I'm feeling a bit better today. I told DH last night that I felt like a single mother (probably not the best choice of words, but I was beyond thinking straight), which I think shocked him. He's not a workaholic, but works hard, if that difference is understandable: he doesn't need to work (he's not 'addicted') but he is very dedicated and reliable in respect of the work his boss/colleagues expect of him. So he's in a very difficult situation. Ultimately, for him to be around as much as I need/want, he'd have to totally switch jobs (to a 9-5) which would involve a total change in everything.

I therefore think that I need to start reaching out to the support available to me. I'm so independent and hate to seem weak. My friends here would all happily help, but something stops me asking. I think I need to swallow my 'pride' or whatever it is and ask. In my head, being at home with the children should be easy compared to the job I had before/the jobs DH and my childfree friends have, so I shouldn't be complaining.

I have had visions/flashforwards(?) of hurting the children. Just of bad things happening to them: of the stroller rolling into traffic despite having the brake on, or of the crib collapsing underneath DC2 despite it being very sturdy. I look at things in the house and imagine how much they could hurt my babies. I am suddenly and brutally aware of how fragile their little bodies are.

Added to this is how special DC2 is to us. I was told that I would likely not be able to conceive her due to medical treatment after DC1 was born, only to fall pregnant first cycle we tried.. Throughout my pg with her I had considerable anxiety: in my head it wasn't meant to be so straightforward and so I was just expecting/waiting for something bad to happen but it never did. So maybe I built up this time as something which was going to be perfect, which it obviously was never going to be.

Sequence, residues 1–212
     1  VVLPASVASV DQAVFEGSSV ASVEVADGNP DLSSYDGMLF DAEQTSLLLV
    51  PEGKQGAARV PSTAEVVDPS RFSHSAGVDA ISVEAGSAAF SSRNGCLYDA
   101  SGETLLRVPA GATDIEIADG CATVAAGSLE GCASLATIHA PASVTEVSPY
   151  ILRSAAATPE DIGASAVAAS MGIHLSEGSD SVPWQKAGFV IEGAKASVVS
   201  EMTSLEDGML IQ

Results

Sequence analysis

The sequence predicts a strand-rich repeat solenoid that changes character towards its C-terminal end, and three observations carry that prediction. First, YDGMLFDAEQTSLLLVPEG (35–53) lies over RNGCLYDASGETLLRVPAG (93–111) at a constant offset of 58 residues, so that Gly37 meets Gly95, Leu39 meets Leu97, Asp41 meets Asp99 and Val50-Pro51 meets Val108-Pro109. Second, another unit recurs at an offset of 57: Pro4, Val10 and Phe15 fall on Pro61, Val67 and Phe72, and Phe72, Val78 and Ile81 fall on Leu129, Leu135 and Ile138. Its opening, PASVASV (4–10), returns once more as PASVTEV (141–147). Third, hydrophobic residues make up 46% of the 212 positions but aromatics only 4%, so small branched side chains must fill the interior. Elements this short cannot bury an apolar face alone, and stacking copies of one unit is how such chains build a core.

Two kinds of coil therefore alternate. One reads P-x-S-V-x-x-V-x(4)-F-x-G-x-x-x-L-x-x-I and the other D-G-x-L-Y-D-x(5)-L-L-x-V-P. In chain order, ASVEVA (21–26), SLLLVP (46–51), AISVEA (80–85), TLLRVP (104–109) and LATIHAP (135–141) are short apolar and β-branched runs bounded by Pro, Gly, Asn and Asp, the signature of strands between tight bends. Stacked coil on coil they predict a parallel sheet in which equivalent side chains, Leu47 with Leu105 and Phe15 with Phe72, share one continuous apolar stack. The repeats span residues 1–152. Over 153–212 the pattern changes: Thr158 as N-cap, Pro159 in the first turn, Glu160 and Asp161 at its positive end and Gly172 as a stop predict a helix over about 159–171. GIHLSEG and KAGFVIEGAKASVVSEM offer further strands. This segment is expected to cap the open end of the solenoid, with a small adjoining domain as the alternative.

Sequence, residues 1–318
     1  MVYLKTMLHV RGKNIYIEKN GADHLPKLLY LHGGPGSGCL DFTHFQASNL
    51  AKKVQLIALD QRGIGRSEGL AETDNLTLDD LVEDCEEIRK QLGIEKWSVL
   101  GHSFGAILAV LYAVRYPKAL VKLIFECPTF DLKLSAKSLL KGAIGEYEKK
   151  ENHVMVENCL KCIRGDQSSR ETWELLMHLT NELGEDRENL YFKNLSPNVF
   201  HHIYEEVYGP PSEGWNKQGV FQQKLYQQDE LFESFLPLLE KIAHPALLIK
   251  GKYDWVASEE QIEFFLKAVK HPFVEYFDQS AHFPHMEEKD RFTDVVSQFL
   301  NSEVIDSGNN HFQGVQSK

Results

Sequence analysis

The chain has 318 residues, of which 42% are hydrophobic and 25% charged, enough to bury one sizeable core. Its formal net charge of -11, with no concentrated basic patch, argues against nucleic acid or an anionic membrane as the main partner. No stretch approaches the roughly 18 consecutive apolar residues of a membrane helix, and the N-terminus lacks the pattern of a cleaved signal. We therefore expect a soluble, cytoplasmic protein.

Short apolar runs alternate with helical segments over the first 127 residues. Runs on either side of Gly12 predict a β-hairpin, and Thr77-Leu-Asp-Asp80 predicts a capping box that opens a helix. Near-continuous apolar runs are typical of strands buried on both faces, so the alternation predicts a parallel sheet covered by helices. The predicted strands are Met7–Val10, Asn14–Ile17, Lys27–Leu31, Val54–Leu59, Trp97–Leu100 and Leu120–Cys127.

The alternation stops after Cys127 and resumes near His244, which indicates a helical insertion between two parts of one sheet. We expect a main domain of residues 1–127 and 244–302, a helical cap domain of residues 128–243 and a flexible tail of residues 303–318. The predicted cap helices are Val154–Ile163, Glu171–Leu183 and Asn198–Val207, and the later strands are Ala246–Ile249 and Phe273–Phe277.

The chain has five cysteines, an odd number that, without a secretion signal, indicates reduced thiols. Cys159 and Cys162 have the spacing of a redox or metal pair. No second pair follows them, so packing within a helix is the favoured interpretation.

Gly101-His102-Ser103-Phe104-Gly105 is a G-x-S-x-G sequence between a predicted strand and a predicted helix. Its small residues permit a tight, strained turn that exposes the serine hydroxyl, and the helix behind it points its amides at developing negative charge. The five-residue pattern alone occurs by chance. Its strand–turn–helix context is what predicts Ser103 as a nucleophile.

My health insurance company here has a hotline I can call at any point for assessment/counselling so I'm going to reach out to them once I get the chance. They can hopefully point me in the right direction.

racingheart Wed 05-Jun-13 23:14:54

I've just re-read your original post and am now not sure if you are trying to find a way to say what must be so difficult to admit - that the PND is taking the form where child-harm is a genuine possibility. If this is the case, you need to head immediately to the doctor for an emergency appointment. This really is as serious as it would be if you had suffered a severe fall. You need it treating now, not tomorrow or soon. Don't underplay it to yourself out of shame or a sense of failure or any other nonsense like that. Just get treated.